We got lucky, although in truth it is not by luck but by Ann Petrila, to get to see and do things the way we did in our first two days here.  Sarajevo, Tuzla, Potočari – and all that is in these places, has been just the beginning of this trip.  There is so much I have taken in by listening to the stories of the incredible people we have gotten to meet here – especially Hasan Hasanovič and Saliha Osmanovič (although our amazing drivers, our hotel hosts at Hotel Kovači, Dragana from ICMP, Anesa – our host in Srebrenica, and everyone else who has been a part of this experience are certainly not to be left out).  Their truths, kindness, stories, and experiences are humbling, inspiring, and moving in ways that have affected me beyond words.  Listening is an act of love.  Allowing this to lead to learning and connection is one of the most important ways that I am being moved, challenged, and experiencing growth during this experience.

6.  Just roll with it.


Plans are subject to change – and change seems to be the only constant.  So your flights are delayed by over 12 hours or your driver fixes something under the hood with scotch tape (don’t worry, we replaced it with duct tape) – just roll with it.  Things all seem to fall into place and being open to relinquishing control and taking in a differing culture in a genuine way is allowing me to experience more than I could have imagined otherwise.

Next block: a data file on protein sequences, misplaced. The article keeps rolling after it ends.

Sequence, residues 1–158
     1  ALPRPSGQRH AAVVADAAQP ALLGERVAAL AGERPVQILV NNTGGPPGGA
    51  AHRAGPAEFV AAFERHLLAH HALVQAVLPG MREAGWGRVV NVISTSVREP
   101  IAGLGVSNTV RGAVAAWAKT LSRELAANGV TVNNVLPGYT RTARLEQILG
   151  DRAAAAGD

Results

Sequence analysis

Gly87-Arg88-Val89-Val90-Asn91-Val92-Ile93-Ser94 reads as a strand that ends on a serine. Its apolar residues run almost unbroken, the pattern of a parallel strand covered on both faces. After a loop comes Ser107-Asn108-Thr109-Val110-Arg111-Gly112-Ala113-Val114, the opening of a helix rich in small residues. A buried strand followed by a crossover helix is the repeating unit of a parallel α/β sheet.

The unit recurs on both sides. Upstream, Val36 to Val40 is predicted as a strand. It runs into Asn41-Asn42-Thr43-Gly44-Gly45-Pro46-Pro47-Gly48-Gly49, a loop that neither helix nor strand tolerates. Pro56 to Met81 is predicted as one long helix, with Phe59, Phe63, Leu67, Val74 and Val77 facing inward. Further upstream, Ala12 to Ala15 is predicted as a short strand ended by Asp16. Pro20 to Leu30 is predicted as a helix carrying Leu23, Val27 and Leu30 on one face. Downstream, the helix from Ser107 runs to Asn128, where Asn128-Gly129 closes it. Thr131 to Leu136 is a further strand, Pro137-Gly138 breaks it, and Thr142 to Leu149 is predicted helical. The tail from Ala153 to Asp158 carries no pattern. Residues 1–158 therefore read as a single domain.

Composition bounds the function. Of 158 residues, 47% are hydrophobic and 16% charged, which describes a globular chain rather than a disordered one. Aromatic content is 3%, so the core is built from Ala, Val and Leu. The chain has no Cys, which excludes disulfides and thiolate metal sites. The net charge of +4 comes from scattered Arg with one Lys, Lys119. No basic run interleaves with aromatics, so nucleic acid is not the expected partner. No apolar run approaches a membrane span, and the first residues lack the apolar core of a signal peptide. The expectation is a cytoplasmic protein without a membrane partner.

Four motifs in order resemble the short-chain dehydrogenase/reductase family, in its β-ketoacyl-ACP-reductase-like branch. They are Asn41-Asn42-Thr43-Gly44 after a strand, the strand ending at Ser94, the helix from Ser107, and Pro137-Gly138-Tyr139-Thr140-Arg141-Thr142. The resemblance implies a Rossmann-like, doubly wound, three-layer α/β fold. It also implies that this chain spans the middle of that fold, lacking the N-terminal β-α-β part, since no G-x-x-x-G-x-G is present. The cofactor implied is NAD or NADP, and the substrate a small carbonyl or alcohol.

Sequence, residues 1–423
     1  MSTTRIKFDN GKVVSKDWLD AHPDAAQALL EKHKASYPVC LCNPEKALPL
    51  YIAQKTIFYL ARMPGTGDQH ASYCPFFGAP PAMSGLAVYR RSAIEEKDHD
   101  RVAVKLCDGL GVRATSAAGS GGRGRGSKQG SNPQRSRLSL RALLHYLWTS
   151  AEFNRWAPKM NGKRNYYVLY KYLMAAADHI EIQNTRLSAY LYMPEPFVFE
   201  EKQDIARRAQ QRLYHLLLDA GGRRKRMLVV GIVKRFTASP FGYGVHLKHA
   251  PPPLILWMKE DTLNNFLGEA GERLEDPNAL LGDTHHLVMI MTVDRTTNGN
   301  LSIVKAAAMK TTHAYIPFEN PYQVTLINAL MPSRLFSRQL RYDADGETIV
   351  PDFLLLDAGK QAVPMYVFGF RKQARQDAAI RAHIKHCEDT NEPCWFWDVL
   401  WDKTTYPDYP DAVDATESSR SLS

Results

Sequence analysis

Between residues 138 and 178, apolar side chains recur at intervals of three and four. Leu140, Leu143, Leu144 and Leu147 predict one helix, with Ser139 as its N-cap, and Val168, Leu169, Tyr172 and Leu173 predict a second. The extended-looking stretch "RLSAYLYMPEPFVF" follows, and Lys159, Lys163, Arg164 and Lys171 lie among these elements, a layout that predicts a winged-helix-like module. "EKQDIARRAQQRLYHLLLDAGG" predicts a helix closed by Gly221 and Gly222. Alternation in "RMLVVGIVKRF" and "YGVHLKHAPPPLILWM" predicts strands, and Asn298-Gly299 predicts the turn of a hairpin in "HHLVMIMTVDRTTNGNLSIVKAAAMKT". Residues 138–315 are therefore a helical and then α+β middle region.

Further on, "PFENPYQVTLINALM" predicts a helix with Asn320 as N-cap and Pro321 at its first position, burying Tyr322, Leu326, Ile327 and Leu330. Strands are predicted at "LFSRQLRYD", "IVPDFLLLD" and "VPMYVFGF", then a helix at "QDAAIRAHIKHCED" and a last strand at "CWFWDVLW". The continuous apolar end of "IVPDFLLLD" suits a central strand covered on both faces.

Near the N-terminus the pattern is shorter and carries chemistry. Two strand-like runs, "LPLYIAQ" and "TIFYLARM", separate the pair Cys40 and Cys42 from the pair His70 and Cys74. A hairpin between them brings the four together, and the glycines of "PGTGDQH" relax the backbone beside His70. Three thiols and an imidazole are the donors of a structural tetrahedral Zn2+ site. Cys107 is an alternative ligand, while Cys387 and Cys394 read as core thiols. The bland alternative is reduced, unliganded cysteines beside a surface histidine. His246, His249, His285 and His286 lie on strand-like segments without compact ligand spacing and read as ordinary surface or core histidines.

7.  Hold the suspended paradox.  




Bosnia is incredibly beautiful in ways that I both expected and could not have ever predicted.  Yet, among this beauty lies a harrowing truth and history that is part of the reason that we are here in the first place.  Holding this paradox and being able to both appreciate the resiliency, growth, and movement of a place while remembering the past is one of the ways that I am falling in love with this place.   It is difficult to be moved by a sunset that is unlike any other I have seen while the call to prayer plays in the background and then turn around to find one of the many cemeteries that dot the land – and it continually provides moments for thought and consideration.  It is a delicate balance and feels important for me to continually consider the detriment and unimaginable acts that have taken place in Bosnia while also understanding how moving forward is taking place in a post-war country.

Bonus round!

Here is the first (and likely not last) puppy that I have fallen for here.  How could you not?  I’ve learned that you don’t pet them, even though they’re typically harmless, but when they’re the puppies of your wonderful host (Anesa) in Srebrenica, it’s fair game.  Don’t worry, mom and dad, I didn’t name her or even take her with me in my suitcase (yet).



Here is to Bosnia and the incredible experiences and moving lessons that are yet to be had here.


One thought on “7 Ways to Fall in Love in Bosnia

Leave a Reply

Fill in your details below or click an icon to log in:

WordPress.com Logo

You are commenting using your WordPress.com account. Log Out /  Change )

Google+ photo

You are commenting using your Google+ account. Log Out /  Change )

Twitter picture

You are commenting using your Twitter account. Log Out /  Change )

Facebook photo

You are commenting using your Facebook account. Log Out /  Change )


Connecting to %s